by David DeFord
No one has ever matched Ted Williams’ .400 batting average since he achieved it in 1941. Baseball historians regard Williams as the greatest hitter of all time.
But even in his best year, Williams suffered three failures for every five tries.
Today, major leaguers who fail 75 times out of a hundred make millions of dollars a year.
Experts consider hitting a baseball the most difficult of all athletic achievements. I know I had my problems hitting that little thing.
No one likes to fail, but some use failure as a teacher.
As a hitter walks to the dugout after striking out, he evaluates his swings and decides what adjustments he must make at his next at-bat. When he approaches the plate for his next attempt, he focuses on his adjustments rather than on his last failure.
Do you expect a perfect batting average?
Do you find it difficult to try again after a failure?
Do you search for easier goals which you can attain with little risk?
We all fail. We fail in our families. We fail in our careers. We fail in our academics pursuits. Failure happens.
But we can turn our failures into triumphs. You’ve read of Edison’s thousands of attempts to find the right filament for the electric light bulb. You’ve read of Lincoln’s list of miserable failures leading up to his incredible influence on the world.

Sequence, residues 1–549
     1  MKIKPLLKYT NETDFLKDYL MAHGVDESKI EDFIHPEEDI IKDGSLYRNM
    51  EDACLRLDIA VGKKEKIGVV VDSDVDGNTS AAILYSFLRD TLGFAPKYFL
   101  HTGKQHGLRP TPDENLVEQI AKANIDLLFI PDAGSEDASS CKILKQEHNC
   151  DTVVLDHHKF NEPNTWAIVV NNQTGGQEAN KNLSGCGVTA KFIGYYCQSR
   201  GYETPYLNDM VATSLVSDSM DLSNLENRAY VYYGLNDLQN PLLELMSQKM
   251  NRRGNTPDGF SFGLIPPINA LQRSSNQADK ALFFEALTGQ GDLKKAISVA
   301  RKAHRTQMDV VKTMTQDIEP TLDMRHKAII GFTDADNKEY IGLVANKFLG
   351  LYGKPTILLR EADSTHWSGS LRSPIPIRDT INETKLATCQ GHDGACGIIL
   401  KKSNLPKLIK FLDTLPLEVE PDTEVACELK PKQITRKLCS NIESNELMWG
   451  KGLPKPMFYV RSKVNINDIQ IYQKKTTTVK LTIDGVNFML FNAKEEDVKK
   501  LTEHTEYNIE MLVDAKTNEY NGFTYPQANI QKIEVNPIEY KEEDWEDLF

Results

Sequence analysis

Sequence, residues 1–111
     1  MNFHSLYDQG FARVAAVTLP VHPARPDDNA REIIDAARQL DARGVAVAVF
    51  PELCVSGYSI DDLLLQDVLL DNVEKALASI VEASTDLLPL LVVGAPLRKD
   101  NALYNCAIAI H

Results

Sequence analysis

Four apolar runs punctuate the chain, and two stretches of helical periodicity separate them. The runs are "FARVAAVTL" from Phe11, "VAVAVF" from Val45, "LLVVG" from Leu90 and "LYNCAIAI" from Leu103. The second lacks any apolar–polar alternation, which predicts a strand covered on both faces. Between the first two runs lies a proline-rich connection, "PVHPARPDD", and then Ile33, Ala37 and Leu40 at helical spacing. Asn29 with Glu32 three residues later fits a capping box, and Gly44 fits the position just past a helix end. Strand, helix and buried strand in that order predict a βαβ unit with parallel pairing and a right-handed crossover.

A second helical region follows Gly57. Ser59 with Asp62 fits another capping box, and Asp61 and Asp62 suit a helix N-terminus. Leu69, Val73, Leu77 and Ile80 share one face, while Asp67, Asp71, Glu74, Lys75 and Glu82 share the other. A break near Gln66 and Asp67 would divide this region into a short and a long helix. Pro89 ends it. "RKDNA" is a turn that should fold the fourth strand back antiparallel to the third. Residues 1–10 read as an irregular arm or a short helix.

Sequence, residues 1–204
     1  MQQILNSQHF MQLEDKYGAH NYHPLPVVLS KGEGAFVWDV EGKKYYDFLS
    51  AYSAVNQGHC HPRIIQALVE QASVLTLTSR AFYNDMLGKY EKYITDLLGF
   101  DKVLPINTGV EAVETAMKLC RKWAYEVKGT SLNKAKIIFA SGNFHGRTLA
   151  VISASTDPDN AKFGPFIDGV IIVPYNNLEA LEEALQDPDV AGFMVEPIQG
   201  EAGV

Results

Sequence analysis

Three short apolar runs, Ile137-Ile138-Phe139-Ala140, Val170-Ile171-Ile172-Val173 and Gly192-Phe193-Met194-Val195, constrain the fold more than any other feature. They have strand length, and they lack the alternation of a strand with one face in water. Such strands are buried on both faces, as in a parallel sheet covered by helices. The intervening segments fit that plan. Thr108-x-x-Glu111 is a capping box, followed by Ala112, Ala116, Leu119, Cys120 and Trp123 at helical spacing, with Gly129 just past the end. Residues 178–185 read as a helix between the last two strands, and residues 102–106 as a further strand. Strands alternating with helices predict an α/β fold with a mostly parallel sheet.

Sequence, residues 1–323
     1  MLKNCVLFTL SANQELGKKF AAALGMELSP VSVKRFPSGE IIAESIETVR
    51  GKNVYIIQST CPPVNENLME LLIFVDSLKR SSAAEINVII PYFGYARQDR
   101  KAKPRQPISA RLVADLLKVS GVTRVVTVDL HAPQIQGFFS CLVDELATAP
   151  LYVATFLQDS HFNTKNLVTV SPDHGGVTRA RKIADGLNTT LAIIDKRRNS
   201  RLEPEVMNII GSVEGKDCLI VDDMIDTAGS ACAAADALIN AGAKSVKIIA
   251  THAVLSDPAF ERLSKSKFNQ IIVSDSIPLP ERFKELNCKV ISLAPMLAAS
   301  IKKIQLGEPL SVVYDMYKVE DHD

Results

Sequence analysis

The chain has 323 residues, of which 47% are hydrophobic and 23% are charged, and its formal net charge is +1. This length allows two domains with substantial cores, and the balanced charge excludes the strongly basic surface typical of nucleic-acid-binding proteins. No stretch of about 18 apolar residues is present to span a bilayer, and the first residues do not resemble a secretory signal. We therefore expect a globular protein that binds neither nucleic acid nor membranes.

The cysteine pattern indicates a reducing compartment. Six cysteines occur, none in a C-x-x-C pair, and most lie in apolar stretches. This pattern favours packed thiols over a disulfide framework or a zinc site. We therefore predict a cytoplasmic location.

When faced with failure, I challenge you to make adjustments to your approach and try again. I challenge you to focus more on your adjustments than on your last failure. I challenge you to keep striving for your highest aspiration.
Don’t allow yourself to shoot for something lower than you deeply desire.
Don’t allow yourself to lower your risk tolerance.
Going into the last day of the 1941 season, Ted Williams had his .400 average. In response to manager Joe Cronin’s suggestion that he sit out the double-header with Philadelphia so he could end the season at .400, Williams said, “If I can’t hit .400 all the way, I don’t deserve it.”
That day, Williams had six hits and finished the season with an astonishing average of .406.
In spite of the risk, Ted Williams achieved baseball immortality.
His greatest goal was to be able to walk down the street and have people say, “There goes the greatest hitter ever.”
He achieved his goal in spite of repeated failures and courageous risks.
You can too.
The faster the pitch the farther the ball will fly when we solidly connect. The more difficult the challenge, the greater the reward for meeting it squarely. David DeFord
The value of a thing lies in the cost of attaining it. David DeFord
We are continually faced with great opportunities brilliantly disguised as unsolvable problems. Lee Iacocca
I’ve missed more than 9,000 shots in my career. I have lost almost 300 games. On 26 occasions I’ve been entrusted to take the game winning shot…and missed. And I have failed over and over and over again in my life. And that’s why…I succeed. Michael Jordan
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